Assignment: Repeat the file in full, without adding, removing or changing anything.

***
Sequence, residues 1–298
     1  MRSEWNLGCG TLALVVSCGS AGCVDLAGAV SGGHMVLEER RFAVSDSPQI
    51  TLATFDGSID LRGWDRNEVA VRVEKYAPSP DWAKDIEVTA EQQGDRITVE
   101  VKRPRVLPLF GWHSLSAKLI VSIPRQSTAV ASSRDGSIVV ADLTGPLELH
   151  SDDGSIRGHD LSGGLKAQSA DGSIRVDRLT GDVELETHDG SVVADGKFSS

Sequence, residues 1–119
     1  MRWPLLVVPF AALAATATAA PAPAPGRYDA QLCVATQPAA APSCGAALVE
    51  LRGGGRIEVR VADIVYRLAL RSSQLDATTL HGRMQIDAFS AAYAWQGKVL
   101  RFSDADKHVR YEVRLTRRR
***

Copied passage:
Sequence, residues 1–298
     1  MRSEWNLGCG TLALVVSCGS AGCVDLAGAV SGGHMVLEER RFAVSDSPQI
    51  TLATFDGSID LRGWDRNEVA VRVEKYAPSP DWAKDIEVTA EQQGDRITVE
   101  VKRPRVLPLF GWHSLSAKLI VSIPRQSTAV ASSRDGSIVV ADLTGPLELH
   151  SDDGSIRGHD LSGGLKAQSA DGSIRVDRLT GDVELETHDG SVVADGKFSS

Sequence, residues 1–119
     1  MRWPLLVVPF AALAATATAA PAPAPGRYDA QLCVATQPAA APSCGAALVE
    51  LRGGGRIEVR VADIVYRLAL RSSQLDATTL HGRMQIDAFS AAYAWQGKVL
   101  RFSDADKHVR YEVRLTRRR